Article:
Jackson & Phillips Automotive Services looks back on DVSA changes to the annual test over the years
Having been an MOT tester and quality controller since the days of handwritten tickets and embossing stamps, I have seen changes to the MOT test, testers and stations first hand over the years.
We at Jackson and Phillips were amongst a handful of garages selected to trial computerisation when it first arrived on the MOT scene.
It’s arrival certainly caused reason for discussion and, while some people welcomed it, many testers and garages were dead against it.
I was always quite positive about it and the improvements over the years have certainly made for a much better fairer and more honest test, as well as a degree of improved clarity for testers although there’s still plenty of grey areas.
Having said that as with anything there is always someone trying to take advantage of a situation and abuse privileges in order to make money.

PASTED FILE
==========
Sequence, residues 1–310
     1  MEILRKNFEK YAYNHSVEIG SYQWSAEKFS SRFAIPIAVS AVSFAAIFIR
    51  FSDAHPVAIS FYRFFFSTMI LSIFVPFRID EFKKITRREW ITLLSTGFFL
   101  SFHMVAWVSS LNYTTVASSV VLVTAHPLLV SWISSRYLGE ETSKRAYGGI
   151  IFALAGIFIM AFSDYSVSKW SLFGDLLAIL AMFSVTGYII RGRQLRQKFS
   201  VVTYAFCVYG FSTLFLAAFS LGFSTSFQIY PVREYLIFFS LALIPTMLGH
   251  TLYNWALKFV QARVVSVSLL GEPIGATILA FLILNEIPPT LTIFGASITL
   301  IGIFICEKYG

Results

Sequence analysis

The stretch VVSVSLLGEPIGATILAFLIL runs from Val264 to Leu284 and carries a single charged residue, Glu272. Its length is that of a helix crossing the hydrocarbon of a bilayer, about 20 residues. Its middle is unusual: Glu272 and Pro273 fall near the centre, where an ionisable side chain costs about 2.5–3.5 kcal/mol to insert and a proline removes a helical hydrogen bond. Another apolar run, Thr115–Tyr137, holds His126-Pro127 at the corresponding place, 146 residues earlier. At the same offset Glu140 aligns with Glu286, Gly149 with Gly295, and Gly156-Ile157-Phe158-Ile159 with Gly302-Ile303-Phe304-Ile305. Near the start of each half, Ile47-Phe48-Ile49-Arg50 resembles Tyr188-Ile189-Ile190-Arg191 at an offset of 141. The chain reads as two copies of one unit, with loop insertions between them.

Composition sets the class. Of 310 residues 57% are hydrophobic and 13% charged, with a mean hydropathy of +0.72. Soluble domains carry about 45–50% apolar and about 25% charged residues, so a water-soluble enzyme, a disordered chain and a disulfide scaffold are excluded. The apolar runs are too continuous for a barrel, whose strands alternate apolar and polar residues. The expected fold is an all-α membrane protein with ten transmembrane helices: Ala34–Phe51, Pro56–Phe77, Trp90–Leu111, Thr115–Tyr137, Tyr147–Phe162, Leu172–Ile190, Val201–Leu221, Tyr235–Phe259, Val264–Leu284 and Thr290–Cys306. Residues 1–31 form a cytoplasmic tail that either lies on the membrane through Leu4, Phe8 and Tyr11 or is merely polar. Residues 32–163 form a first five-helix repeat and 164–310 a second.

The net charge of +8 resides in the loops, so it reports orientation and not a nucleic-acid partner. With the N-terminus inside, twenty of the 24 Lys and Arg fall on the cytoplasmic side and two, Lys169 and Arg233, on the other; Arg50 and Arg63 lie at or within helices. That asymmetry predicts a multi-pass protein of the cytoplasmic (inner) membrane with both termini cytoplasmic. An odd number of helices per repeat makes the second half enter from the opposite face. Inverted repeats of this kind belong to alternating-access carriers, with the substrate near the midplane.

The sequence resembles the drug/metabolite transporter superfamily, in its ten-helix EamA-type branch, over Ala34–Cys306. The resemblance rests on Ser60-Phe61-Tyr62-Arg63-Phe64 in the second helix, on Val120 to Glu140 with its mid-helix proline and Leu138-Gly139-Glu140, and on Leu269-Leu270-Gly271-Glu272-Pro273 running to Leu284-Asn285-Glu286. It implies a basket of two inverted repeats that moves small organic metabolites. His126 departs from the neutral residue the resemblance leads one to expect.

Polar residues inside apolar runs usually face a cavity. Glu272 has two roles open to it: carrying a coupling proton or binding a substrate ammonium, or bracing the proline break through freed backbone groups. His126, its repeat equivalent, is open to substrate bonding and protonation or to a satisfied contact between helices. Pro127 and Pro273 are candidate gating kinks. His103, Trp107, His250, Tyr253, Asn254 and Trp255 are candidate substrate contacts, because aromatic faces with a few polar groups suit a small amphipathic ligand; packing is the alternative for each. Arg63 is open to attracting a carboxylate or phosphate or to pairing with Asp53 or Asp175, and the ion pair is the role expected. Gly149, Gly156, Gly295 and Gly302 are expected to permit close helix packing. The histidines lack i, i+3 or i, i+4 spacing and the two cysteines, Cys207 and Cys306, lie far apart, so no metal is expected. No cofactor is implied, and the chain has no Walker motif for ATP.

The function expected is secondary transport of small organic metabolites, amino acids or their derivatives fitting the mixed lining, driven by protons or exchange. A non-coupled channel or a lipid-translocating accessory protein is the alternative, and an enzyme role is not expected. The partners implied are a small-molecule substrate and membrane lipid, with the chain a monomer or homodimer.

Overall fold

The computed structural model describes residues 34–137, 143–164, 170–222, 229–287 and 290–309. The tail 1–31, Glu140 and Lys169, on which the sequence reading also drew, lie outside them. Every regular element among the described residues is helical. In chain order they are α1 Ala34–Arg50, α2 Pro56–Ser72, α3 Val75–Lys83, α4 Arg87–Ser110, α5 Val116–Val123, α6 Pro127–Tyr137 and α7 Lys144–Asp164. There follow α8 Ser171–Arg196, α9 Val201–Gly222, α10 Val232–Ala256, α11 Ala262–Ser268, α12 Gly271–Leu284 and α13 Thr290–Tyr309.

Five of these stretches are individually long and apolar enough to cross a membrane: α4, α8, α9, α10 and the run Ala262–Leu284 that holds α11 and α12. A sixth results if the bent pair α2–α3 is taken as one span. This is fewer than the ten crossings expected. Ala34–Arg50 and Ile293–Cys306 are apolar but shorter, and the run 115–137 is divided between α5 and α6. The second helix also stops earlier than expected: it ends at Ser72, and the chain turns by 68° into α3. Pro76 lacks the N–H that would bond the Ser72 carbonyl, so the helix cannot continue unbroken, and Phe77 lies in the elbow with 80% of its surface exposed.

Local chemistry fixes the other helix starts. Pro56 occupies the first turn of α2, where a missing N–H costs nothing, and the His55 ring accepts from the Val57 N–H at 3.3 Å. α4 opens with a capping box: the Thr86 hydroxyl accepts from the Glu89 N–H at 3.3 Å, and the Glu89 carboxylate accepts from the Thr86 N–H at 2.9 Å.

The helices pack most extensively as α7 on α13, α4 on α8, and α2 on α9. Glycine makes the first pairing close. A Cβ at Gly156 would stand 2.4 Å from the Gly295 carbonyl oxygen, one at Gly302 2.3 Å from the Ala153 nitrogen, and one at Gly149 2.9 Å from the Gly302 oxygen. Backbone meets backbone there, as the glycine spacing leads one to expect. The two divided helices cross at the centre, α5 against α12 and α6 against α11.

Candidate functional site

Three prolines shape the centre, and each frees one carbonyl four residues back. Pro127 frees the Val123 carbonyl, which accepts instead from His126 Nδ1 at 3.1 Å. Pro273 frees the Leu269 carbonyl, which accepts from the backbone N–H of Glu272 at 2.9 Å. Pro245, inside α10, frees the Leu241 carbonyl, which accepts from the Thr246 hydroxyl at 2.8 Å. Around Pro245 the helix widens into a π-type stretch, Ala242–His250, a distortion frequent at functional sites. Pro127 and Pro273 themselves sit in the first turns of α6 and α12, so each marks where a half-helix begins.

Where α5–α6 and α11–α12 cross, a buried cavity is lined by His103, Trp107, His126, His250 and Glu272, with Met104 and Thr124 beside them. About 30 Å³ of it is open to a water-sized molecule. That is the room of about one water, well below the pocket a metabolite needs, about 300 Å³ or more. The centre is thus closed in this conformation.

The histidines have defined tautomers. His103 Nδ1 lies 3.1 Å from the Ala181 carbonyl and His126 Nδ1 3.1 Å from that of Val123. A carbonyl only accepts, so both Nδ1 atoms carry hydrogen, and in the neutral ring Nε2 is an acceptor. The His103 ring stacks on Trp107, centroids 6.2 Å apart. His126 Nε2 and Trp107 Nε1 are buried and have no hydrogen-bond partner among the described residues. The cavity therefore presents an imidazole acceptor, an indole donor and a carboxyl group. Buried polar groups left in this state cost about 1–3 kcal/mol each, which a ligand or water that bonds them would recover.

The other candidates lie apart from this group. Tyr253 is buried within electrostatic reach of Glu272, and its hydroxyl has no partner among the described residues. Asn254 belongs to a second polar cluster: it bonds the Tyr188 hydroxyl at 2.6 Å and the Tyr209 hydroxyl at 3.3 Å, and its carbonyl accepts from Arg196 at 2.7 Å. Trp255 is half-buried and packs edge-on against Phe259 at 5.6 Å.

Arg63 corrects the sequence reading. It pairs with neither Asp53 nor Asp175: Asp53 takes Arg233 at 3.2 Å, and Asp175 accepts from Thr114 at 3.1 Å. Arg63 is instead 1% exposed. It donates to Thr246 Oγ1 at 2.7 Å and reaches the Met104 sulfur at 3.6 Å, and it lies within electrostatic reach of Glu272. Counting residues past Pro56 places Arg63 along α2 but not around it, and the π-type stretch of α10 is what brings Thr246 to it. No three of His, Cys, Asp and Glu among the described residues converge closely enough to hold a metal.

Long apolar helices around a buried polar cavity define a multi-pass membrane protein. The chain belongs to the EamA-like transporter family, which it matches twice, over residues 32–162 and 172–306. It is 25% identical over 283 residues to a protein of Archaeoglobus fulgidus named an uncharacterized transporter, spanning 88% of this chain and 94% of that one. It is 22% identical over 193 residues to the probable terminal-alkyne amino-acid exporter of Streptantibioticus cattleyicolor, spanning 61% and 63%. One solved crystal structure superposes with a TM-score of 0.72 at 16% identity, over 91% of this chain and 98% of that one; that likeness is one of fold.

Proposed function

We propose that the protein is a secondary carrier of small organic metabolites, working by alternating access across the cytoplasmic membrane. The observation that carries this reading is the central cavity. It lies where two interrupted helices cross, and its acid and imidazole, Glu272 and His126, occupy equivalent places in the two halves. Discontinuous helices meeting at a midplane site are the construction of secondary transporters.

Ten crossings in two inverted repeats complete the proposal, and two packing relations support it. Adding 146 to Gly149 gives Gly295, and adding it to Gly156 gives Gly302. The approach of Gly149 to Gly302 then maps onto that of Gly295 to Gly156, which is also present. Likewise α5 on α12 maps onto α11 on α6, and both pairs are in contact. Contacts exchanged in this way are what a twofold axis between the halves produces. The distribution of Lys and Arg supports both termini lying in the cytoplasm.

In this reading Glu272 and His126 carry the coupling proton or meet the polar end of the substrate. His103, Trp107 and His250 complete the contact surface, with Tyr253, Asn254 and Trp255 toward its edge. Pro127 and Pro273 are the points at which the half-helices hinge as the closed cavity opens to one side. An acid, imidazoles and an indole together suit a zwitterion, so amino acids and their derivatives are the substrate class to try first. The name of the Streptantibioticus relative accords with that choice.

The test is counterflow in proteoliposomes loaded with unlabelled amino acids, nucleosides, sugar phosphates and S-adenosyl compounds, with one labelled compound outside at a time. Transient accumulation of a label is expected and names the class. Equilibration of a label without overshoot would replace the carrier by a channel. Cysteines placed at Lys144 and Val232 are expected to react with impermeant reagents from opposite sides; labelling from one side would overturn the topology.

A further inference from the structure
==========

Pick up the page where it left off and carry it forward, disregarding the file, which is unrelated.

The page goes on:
From the days of stolen ticket books and stamps to the pass results registered by a bloke in the pub.
I was approached many years ago and asked to make out tickets for cash, of course I turned the offer down and reported it to the police.
It always amazes me that people still think that they won’t get caught.
The measures put in place these days make it harder than ever to carry out false tests.
We regularly hear in the news about garages or testers being caught ‘testing’ vehicles that they have never even seen and, with reports that 178 testers – up by 82 per cent – were struck off during 2017/18, enforcement certainly seems to be a serious part of improvements to the MOT.
With much improved traceability and training, I’d personally suggest that the MOT test is in good shape.